Watson might schedule your meetings someday if a partnership between IBM and Cisco Systems bears the fruit they’re hoping to grow.
In the meantime, the companies hope to save employees from some of the meaningless tasks they have to carry out just to work with their colleagues.
IBM’s Verse email platform and Connections collaboration suite are a good match for Cisco products like the Spark messaging app and WebEx conferencing service, so the two vendors have found ways to integrate them, company officials say. All this will happen in the cloud. They’ll demonstrate the first examples next month at the Cisco Live conference.
The collaboration could have particular value for enterprise Apple users. Both IBM and Cisco have partnerships with Apple for enterprise applications and communications on the company's devices. Details on that aspect of the IBM-Cisco partnership will come later, they said.
By working together, Cisco and IBM first plan to make the products aware of each other and able to work in sync. For example, if user has set up a WebEx meeting via email in Verse, they may be able to launch that meeting directly from Verse in one click instead of four, said Inhi Cho Suh, general manager of collaborations solutions at IBM Analytics. The participants might automatically get information about what they discussed during their last WebEx meeting, too.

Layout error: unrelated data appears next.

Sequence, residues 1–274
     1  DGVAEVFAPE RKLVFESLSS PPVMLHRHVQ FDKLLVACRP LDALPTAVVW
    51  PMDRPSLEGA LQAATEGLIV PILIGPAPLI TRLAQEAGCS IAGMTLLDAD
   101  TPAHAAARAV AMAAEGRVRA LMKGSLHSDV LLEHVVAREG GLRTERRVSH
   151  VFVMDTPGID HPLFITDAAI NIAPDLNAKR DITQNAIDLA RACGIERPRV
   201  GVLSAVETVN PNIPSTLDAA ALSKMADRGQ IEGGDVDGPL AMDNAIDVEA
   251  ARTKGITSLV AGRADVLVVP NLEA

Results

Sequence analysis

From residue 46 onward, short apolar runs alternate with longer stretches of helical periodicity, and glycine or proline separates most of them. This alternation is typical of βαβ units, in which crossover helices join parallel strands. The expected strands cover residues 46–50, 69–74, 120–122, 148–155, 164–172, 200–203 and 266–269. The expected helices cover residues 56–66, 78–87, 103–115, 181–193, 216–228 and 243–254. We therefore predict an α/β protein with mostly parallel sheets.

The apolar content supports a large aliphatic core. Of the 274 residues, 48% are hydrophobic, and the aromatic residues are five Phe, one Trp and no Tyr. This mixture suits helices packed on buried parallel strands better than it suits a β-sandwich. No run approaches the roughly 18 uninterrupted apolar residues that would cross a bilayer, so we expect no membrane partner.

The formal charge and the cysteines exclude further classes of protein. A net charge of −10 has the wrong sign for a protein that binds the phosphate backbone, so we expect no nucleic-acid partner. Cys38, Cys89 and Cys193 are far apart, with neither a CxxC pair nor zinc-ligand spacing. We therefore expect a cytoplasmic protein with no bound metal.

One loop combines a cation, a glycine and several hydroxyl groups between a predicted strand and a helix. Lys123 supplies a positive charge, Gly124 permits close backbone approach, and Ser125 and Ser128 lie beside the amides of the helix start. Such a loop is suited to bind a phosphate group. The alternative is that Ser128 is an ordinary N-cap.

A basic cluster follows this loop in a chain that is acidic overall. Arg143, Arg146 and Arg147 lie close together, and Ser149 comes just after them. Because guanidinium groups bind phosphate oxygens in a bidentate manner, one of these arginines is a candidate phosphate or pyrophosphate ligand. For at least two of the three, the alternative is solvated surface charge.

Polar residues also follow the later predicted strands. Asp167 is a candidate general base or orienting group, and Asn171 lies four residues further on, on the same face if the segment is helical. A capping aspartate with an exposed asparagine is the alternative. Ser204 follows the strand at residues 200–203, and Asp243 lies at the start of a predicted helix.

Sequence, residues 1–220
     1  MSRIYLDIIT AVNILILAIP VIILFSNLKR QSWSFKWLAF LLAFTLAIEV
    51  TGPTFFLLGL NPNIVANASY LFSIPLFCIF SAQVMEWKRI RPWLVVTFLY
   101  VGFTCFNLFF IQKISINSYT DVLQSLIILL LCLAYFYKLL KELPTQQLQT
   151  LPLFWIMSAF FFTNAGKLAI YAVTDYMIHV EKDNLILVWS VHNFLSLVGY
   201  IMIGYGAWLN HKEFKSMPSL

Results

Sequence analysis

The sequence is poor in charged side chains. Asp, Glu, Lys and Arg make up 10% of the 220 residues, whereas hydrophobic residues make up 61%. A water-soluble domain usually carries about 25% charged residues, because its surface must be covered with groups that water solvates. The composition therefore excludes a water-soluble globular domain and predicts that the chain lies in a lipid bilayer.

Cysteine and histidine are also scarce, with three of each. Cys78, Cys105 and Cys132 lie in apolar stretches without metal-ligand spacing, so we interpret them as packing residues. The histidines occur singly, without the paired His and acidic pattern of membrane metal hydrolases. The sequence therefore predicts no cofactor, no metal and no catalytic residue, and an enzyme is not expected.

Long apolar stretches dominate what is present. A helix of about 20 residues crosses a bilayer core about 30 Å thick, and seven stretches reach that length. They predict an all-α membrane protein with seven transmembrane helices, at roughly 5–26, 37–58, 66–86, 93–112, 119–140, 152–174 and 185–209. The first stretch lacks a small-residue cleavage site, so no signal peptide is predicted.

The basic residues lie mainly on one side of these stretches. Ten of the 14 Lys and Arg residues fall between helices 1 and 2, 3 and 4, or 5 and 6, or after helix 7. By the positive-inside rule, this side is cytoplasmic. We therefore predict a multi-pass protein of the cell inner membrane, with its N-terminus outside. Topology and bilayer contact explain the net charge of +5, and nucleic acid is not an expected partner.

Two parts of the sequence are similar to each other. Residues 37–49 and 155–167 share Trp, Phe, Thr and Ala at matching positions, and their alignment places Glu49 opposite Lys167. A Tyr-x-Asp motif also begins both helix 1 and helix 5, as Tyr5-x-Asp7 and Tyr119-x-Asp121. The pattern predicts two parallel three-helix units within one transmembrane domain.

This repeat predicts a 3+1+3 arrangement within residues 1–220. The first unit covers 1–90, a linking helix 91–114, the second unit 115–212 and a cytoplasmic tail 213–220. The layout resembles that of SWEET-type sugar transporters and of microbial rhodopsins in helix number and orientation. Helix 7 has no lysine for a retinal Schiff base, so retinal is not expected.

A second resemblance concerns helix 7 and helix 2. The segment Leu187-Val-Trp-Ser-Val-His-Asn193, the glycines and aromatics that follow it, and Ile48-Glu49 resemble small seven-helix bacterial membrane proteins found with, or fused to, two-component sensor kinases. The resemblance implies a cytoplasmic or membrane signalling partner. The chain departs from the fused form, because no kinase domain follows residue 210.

Another early feature might let someone look up a contact’s profile in IBM’s Connections platform and click to set up a one-on-one text session or voice call in Spark.
“It’s keeping individuals within their workflow,” said Ross Daniels, senior director of collaboration marketing at Cisco. “They’re not having to stop and do something in another toolset or interrupt the flow of work.”
Later, things will get more interesting. Cisco and IBM will bring Watson APIs into the collaboration tools to automate things you might not have expected to see artificial intelligence do.
By capturing spoken and written communication and observing how each individual works, the Watson analytics platform could act as a personal assistant that helps employees prepare to collaborate, helps move those sessions along and even decides when people should meet.
A key part of all this is making Watson understand what’s most important.
For example, by looking at what an employee’s been talking about with co-workers for the past week, the analytics engine could figure out that a new meeting on that topic should take priority over a standing meeting that the user attends every week. If push came to shove, the standing meeting could automatically get the boot. (Users could reverse Watson’s decisions.)
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